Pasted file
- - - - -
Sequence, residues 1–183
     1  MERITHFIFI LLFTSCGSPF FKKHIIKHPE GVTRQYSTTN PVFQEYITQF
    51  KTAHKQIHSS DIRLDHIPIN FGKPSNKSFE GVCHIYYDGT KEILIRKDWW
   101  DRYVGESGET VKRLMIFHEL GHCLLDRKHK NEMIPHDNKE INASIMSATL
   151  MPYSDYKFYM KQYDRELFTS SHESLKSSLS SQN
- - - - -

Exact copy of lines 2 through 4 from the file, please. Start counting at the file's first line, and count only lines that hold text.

     1  MERITHFIFI LLFTSCGSPF FKKHIIKHPE GVTRQYSTTN PVFQEYITQF
    51  KTAHKQIHSS DIRLDHIPIN FGKPSNKSFE GVCHIYYDGT KEILIRKDWW
   101  DRYVGESGET VKRLMIFHEL GHCLLDRKHK NEMIPHDNKE INASIMSATL